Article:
Chanfrau & Chanfrau

Employment Break Laws in Florida

By Kelly Chanfrau, Esq. on April 13, 2019

A man working at his deskThe attorneys of Chanfrau & Chanfrau are here to help the people of Central Florida in their time of legal need. This includes legal representation in personal injury and wrongful death cases, as well as assistance with employment law and workplace discrimination complaints.

The team at our Daytona Beach, FL office would like to focus on breaks and meals while on the job. The state of Florida and the federal government have few laws mandating meals and breaks, but that doesn’t mean that employers can mistreat or overwork their employees.

Florida Laws on Breaks and Meals

The only state specific break or meal law in Florida applies to employees under the age of 18. Minors are entitled to a meal break of 30 minutes for every 4 hours of continuous work.

Since there are no other Florida-specific meal and break rules, the federal laws are followed regarding compensation regarding meals and breaks. Let’s cover these federal statutes individually below.

Are There Federal Meal and Break Laws?

The federal government does not have any specific laws that guarantee meal and break periods to employees. However, it does note that employees must be compensated for the work that they do via the Fair Labor Standards Act (FLSA).

For breaks that are 20 minutes or shorter (“coffee breaks”), employees should be compensated as this is considered part of the regular work day. Meals are typically 30 minutes or longer, and the Department of Labor feels that these longer break periods do not need to be compensated as they serve a different function than shorter breaks.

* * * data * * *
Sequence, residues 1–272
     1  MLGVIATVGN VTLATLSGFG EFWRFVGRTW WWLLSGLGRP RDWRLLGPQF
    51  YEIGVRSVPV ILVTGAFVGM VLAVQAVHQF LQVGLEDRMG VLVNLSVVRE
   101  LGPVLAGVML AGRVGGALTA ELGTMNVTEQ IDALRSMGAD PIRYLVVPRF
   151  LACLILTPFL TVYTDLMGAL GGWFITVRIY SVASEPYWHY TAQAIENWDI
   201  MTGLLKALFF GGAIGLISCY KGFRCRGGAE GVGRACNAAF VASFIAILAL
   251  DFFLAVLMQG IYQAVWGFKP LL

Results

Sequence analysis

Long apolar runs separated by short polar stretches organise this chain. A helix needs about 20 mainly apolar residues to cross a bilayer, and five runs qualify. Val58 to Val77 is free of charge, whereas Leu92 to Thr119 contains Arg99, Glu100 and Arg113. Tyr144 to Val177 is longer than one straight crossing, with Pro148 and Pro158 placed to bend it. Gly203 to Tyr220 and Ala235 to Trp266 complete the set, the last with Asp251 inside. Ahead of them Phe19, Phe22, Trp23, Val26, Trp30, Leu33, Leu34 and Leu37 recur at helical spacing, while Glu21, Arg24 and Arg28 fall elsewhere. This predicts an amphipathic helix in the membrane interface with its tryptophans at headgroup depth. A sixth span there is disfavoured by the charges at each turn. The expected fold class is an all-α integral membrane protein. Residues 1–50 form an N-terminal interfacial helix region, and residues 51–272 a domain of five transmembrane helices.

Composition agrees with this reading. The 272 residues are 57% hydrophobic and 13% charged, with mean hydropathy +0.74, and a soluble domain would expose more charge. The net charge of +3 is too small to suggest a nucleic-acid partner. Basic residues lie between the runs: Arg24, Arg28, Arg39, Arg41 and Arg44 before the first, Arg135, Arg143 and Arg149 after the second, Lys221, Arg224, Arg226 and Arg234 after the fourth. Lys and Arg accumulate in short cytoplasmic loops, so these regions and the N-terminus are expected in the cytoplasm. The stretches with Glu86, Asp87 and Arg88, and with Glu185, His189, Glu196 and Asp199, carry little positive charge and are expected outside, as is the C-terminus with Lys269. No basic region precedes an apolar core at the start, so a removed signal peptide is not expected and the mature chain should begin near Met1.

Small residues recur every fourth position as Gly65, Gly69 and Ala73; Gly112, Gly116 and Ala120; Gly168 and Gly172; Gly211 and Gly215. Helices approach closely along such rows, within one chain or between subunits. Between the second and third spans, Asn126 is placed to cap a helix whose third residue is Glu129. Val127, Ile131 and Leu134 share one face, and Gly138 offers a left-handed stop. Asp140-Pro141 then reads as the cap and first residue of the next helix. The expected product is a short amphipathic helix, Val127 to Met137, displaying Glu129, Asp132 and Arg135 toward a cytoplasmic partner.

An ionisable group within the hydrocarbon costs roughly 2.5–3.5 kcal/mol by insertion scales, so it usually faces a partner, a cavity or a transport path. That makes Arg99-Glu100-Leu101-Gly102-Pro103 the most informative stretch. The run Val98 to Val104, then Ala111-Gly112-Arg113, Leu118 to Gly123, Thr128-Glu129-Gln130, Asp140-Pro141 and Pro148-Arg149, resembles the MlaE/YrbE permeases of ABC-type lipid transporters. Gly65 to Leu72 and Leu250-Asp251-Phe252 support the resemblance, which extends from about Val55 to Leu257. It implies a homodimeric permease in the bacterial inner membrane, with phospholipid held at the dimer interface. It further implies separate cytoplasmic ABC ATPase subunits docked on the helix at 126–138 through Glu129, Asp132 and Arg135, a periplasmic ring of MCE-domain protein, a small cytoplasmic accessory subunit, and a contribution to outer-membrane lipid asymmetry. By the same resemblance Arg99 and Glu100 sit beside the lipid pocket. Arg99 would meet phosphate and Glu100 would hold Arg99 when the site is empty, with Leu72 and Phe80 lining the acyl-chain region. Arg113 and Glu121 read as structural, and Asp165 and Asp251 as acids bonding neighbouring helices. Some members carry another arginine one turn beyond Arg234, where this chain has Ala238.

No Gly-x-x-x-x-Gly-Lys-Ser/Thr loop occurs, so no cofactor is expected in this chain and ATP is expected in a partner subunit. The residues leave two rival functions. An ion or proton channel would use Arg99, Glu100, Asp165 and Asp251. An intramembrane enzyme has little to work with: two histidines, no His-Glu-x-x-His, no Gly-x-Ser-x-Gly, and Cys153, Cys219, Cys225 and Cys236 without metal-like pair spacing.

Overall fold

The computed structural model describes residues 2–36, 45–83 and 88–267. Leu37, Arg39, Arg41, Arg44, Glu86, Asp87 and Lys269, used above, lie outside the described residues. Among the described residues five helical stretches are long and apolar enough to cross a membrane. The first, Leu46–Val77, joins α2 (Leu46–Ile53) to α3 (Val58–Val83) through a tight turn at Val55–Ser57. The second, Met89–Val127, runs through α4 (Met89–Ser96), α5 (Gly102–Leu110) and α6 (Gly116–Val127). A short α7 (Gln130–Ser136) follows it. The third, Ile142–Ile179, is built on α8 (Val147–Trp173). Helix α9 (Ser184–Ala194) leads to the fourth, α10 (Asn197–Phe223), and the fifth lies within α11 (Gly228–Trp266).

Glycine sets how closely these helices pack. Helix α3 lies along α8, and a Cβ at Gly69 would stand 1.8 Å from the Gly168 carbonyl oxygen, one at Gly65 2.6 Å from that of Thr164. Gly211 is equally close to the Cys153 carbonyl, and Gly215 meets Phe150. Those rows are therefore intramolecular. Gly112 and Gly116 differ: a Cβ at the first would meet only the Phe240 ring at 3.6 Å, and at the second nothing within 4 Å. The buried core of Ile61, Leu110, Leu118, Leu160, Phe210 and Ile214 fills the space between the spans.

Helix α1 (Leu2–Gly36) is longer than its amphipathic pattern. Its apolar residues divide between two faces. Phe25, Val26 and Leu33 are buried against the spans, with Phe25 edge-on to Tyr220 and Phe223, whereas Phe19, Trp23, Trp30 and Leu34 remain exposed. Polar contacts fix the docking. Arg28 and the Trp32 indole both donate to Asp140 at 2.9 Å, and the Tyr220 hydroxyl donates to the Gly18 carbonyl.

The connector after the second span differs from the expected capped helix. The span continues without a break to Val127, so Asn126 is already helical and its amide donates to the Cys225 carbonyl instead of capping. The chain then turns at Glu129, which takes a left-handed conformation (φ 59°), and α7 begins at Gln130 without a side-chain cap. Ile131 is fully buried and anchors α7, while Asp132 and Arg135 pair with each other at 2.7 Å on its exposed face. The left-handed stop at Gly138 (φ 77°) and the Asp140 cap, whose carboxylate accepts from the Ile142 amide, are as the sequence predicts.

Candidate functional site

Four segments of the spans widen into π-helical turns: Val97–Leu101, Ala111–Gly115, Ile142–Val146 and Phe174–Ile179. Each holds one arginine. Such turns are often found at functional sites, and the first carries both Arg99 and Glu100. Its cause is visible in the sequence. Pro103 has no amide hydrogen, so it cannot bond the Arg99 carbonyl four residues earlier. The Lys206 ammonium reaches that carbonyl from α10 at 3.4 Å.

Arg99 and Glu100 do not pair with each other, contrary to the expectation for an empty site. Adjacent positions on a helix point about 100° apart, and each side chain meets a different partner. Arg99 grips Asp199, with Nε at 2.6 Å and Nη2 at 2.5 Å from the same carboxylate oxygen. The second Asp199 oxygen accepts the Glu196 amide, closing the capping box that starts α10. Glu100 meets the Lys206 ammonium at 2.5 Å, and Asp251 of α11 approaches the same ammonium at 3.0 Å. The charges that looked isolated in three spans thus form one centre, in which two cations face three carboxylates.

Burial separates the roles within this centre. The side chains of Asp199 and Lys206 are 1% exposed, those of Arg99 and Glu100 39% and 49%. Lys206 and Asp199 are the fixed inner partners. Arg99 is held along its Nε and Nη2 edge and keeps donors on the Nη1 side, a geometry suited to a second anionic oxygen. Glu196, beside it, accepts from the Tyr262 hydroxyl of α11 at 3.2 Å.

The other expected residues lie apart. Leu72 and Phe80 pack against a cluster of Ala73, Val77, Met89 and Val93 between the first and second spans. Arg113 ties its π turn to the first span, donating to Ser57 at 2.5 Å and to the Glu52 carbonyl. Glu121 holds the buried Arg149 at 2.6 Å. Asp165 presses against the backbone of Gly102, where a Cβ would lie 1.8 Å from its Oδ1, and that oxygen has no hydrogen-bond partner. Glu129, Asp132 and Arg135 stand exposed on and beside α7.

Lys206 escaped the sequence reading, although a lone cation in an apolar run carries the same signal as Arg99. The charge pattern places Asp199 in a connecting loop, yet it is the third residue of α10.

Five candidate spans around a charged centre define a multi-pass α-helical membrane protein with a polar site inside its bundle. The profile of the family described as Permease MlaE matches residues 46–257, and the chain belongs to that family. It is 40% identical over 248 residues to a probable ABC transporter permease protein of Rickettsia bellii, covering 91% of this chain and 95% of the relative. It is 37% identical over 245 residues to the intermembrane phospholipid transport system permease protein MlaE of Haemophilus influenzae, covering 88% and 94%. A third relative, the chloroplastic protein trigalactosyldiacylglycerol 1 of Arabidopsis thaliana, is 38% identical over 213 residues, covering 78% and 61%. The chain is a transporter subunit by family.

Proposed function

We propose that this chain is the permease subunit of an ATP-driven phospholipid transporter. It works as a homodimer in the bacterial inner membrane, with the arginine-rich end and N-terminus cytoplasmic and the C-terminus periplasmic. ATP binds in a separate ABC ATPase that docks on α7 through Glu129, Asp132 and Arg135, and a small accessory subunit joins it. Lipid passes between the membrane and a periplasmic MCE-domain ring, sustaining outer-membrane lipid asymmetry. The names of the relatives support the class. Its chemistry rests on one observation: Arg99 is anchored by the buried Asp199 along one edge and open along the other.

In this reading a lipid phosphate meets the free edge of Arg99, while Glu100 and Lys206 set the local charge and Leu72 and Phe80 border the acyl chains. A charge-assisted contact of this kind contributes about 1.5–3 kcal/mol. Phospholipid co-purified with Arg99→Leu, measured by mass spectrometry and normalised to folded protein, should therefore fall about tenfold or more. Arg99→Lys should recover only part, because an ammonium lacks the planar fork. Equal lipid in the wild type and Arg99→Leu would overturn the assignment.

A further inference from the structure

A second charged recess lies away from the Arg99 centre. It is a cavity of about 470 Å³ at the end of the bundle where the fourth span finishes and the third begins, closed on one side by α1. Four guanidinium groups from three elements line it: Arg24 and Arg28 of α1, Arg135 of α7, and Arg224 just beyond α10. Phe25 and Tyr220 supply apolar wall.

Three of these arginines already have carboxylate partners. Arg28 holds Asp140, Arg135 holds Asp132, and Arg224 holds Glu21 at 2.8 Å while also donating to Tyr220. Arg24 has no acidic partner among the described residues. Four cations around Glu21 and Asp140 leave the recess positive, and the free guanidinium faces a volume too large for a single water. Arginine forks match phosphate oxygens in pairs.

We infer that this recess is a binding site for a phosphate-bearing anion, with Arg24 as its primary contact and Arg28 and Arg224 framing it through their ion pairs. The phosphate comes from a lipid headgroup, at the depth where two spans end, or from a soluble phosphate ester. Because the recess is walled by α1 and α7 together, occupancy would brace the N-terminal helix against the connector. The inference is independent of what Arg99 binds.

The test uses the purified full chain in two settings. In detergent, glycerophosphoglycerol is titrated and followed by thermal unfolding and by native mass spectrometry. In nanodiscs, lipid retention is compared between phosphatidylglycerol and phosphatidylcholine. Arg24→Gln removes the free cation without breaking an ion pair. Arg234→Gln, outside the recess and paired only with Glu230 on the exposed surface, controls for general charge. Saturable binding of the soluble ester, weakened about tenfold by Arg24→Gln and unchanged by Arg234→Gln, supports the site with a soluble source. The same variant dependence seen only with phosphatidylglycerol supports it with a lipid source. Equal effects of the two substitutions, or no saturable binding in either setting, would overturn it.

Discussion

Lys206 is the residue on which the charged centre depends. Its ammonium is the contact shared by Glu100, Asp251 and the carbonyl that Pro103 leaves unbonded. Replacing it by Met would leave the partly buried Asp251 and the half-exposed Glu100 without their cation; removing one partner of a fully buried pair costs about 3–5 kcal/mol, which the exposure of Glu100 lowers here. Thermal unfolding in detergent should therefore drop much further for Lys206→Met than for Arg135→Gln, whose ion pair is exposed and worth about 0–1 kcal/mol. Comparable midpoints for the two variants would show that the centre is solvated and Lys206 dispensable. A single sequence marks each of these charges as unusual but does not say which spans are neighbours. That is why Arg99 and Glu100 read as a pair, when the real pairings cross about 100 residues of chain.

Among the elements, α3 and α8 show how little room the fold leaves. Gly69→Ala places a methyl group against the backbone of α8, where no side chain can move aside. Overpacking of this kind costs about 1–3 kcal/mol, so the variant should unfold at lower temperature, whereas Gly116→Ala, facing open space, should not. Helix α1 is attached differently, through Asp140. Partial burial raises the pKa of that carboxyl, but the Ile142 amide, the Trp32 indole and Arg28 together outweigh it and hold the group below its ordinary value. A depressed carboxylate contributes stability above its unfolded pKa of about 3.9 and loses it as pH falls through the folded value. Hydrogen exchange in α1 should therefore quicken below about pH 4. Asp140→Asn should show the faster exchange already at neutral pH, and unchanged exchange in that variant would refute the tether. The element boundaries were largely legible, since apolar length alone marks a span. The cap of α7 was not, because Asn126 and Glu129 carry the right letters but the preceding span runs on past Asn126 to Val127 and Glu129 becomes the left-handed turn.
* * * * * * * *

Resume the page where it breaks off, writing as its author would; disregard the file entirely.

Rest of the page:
What If I am Denied Breaks and Meals?

While your employer may not be required by law to offer meals and breaks, they should be allow employees to visit the restroom when needed and have time to eat, especially for longer work days.

Most companies will have their own meal and break policies that should be adhered to. When companies violate their own meal and break policies, this should be brought up to supervisors to ensure standards that are set are followed.

Disputes Over Paid and Unpaid Breaks

Another issue to consider regarding meals and breaks is compensation. As we noted above, shorter coffee breaks are compensated as they help contribute to employee productivity. Some employees may attempt to make these short breaks unpaid, which is unacceptable.

Similarly, if an employee works through their meal break or lunch break, they should be paid for the time that they worked. Remaining productive while you are on a break should never be acceptable, and employees are entitled to be compensated for the time that they are working.

How Our Attorneys Can Help

If your employer has been denying you breaks or meals, or if they have been attempting to cut your wages by making short breaks unpaid, our attorneys are here to hold them accountable. We will fight diligently to ensure your rights to fair compensation are respected, and make sure the employers adheres to their own rules regarding meals and breaks.

Our goal is to help you receive therapy that you are owed, and to ensure companies do not continue to take advantage of employees in such an egregious and unacceptable manner.

Learn More About Your Rights at Work

For more information about your legal rights and options after you’ve been denied breaks or meals on the job, be sure to contact an experienced workplace and employment law attorney. The lawyers of Chanfrau & Chanfrau can be reached by phone at (866) 610-0653.

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